An atrial septal defect (ASD) is an opening that exists between the heart's two upper chambers. This lets some blood from the left atrium (blood that has already been to the lungs) return via the hole to the right atrium instead of flowing through the left ventricle, out the aorta and to the body. This in turn leads to enlargement of the right atrium and right ventricle. More blood flows to the lungs as well.
The one complication of a small defect is that sometimes a right to left shunt can occur so that clots sometimes present in the veins going to the heart are not filtered by the lungs and go directly to the body. These traveling clots are known as emboli and can cause strokes. Closure of very small atrial septal defects is not routinely recommended unless a stroke occurs. However, it is felt that closing larger atrial septal defects can prevent problems such as lung injury or rhythm abnormalities from developing later in life.
Most children with ASD have few, if any,
symptoms. It is somewhat dependent on size. Most people with an ASD have
no symptoms in childhood as symptoms usually do not occur for decades.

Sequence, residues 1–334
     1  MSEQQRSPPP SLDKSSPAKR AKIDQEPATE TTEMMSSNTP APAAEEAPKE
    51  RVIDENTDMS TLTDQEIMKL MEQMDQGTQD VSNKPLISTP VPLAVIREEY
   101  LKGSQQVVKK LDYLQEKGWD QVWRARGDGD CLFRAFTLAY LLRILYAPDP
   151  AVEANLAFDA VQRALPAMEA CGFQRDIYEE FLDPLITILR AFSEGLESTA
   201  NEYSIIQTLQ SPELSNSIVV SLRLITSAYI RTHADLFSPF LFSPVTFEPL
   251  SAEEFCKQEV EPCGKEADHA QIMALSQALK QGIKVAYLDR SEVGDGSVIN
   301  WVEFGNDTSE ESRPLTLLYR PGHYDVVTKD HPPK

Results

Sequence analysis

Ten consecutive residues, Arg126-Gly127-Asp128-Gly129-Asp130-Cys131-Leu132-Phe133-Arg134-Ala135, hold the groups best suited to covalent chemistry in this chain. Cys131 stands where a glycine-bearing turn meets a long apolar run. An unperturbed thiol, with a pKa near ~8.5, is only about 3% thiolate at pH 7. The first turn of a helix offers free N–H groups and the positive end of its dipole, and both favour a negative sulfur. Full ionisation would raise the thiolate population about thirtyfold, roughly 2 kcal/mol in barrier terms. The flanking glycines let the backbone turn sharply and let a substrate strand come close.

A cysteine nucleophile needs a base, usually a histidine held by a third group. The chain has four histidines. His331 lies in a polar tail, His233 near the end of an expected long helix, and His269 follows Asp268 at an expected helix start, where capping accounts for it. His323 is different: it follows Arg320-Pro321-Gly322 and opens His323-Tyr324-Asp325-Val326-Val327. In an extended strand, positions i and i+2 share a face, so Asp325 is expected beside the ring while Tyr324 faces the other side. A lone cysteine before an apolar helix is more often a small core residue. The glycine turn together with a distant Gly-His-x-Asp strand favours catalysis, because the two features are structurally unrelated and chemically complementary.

If symptoms occur, they may include shortness of breath, difficulty with
exercise, poor growth, rapid breathing and palpitations.
The diagnosis of an ASD is suspected by abnormal findings on the physical examination. These include abnormal heart murmurs as well as other features, which may be quite subtle. The diagnosis is confirmed with an echocardiogram.
Methods of closure include open-heart surgery or closure with devices in the catheterization laboratory. If open-heart surgery is used to close the ASD, sometimes only a small portion of the breastbone needs to be split to allow the surgeon access to the heart (minimally invasive surgery). Closure of the hole itself may be with stitches only (if the hole is small) or with either pericardium (leather-like sac which covers the heart) or synthetic material if the defect is larger.
The success rate for treatment of an ASD is very good no matter what the method is. Both open-heart surgery and cardiac catheterization include the risk of bleeding and infection. Special risks of open-heart surgery include the risk of cardiopulmonary bypass. Special risks of closure in the cardiac catheterization laboratory include dislodgement of the device and the possibility of injury to structures within the heart that are close to the device. However, this is why the device placement is monitored with ultrasound while it is being placed.
With closure, it is expected that patients will live a normal life. Untreated, quality of life is decreased due to the development of pulmonary vascular disease, right heart failure and rhythm abnormalities.
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